By Torbjörn Einarsson 2012
Membership-based organizations perform many functions in society. Federatively organized trade unions, sports organizations, religious congregations and other voluntary or nonprofit organizations are often large, multi-level associations. In addition to performing important services these organizations are ascribed a central role in society’s governance. They are expected to enhance the voice of the citizens and to function as schools of democracy.
Based on a sample of membership organizations in Sweden – among them the Red Cross, the Social-Democratic Workers’ Party and the Swedish Football Federation – this study sets out to analyze the internal governance system in this type of organizations. Basic theoretical models of human behavior – including how and why individuals choose to get involved – and of governance of organizations are elaborated in order to adapt them to a reality which is more complex than has been previously understood.
A model of factors which affect involvement in governance is presented and the analysis shows that a model of membership consisting of a bundle of dimensions is useful for creating new insight into members’ participation. The results suggest that participation is complex and depends on many factors. One interesting result is that a majority of the members place an emphasis on the formal possibilities for influence in the organization. Yet, only a minority of the members actually takes part in the formal governance system, although most members seem prepared to act if they would be disappointed enough.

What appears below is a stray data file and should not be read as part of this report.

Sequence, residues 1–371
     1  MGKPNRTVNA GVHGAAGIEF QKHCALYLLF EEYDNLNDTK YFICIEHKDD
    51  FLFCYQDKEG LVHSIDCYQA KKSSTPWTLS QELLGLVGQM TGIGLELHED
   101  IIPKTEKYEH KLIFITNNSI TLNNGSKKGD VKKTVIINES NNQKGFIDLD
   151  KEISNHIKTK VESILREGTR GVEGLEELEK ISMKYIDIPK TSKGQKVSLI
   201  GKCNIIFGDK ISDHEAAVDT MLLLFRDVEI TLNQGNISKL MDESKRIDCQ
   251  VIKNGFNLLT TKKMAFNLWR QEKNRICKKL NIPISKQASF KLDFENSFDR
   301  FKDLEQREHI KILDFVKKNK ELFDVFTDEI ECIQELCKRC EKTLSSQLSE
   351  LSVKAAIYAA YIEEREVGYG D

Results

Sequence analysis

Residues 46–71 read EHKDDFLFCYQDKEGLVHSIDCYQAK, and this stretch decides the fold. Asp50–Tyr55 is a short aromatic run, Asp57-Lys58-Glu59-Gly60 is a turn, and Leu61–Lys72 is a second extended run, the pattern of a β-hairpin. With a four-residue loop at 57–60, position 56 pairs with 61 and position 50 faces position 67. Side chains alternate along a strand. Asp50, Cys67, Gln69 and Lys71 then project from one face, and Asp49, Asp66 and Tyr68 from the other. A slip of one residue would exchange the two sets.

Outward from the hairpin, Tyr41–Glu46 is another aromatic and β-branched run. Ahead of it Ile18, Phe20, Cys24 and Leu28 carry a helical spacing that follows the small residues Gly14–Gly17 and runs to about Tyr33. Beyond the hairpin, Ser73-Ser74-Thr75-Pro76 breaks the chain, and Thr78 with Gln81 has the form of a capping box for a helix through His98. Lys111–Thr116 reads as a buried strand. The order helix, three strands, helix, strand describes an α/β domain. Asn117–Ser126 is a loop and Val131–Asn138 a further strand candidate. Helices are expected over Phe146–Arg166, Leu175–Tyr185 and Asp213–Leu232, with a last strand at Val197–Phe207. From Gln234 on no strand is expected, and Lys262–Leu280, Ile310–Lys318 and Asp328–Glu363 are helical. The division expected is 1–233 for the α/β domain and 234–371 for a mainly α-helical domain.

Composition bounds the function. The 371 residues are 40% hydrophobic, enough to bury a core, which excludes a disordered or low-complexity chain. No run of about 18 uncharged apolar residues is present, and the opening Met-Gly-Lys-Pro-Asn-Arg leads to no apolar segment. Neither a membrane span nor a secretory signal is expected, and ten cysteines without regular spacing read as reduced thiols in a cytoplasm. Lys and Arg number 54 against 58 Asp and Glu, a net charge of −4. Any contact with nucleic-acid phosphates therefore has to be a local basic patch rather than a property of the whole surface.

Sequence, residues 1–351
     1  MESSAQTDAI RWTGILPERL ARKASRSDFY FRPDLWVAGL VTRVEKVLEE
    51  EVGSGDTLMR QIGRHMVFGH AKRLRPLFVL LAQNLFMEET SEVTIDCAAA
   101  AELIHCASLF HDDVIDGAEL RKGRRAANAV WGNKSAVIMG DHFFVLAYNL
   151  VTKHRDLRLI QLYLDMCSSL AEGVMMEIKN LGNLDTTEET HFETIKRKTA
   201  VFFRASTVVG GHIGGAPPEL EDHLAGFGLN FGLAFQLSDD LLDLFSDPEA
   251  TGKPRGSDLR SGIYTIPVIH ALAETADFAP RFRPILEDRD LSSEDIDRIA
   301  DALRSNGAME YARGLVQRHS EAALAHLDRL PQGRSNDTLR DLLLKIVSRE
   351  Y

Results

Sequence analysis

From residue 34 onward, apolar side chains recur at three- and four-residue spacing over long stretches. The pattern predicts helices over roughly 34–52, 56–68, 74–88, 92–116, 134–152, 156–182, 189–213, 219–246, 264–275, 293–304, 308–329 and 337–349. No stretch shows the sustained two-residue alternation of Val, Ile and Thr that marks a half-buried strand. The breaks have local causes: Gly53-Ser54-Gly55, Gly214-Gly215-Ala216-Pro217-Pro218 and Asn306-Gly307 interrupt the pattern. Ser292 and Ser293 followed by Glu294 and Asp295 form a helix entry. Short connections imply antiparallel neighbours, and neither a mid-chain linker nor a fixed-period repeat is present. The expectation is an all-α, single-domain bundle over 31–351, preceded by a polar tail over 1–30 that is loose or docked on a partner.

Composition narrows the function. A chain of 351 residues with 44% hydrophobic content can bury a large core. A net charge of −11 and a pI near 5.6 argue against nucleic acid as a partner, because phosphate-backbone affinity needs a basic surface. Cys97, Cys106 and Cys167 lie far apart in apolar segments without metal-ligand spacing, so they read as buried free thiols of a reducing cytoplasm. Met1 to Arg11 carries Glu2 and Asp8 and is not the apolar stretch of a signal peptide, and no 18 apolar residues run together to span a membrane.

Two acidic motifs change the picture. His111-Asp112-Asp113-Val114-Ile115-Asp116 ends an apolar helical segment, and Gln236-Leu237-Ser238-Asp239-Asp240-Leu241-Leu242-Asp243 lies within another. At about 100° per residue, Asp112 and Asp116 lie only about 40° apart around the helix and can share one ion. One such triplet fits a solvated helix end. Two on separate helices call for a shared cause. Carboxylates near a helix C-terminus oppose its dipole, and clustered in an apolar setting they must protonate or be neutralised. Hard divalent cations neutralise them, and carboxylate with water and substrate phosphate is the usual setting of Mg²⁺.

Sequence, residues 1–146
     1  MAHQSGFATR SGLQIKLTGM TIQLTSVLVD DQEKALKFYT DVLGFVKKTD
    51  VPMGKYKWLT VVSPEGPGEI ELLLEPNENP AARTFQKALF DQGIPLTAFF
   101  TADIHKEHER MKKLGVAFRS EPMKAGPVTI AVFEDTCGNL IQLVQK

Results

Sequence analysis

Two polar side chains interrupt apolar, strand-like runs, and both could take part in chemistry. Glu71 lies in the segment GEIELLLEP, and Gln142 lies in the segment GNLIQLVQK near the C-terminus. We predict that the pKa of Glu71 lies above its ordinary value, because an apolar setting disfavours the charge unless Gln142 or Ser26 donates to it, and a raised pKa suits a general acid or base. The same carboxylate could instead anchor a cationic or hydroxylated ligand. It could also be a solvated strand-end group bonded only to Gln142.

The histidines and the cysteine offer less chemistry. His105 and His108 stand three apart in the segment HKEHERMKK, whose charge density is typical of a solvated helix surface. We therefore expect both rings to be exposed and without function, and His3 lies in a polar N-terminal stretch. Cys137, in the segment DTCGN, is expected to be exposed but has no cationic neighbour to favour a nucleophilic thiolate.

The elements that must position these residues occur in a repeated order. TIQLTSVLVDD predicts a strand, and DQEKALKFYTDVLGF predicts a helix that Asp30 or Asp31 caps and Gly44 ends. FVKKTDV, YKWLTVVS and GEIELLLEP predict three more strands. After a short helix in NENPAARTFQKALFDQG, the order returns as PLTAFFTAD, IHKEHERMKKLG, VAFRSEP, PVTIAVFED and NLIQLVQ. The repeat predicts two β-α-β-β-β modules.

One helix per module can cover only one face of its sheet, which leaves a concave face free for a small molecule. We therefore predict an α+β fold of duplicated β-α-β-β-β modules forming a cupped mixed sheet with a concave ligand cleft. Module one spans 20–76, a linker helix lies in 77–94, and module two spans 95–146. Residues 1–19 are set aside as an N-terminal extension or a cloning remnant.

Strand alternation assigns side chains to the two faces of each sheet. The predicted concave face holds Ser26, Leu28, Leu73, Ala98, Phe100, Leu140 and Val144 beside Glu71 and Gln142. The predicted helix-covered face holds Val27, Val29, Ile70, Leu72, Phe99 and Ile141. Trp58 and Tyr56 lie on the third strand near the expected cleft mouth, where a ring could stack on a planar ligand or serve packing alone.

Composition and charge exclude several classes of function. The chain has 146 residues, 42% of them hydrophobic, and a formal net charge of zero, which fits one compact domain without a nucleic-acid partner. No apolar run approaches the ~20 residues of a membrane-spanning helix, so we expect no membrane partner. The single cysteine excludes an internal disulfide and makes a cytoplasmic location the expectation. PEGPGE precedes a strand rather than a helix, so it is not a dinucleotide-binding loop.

Torbjörn Einarsson has conducted his PhD work at the Stockholm School of Economics (SSE) and is today a researcher at Stockholm Center for Civil Society Studies at the SSE Institute for Research.
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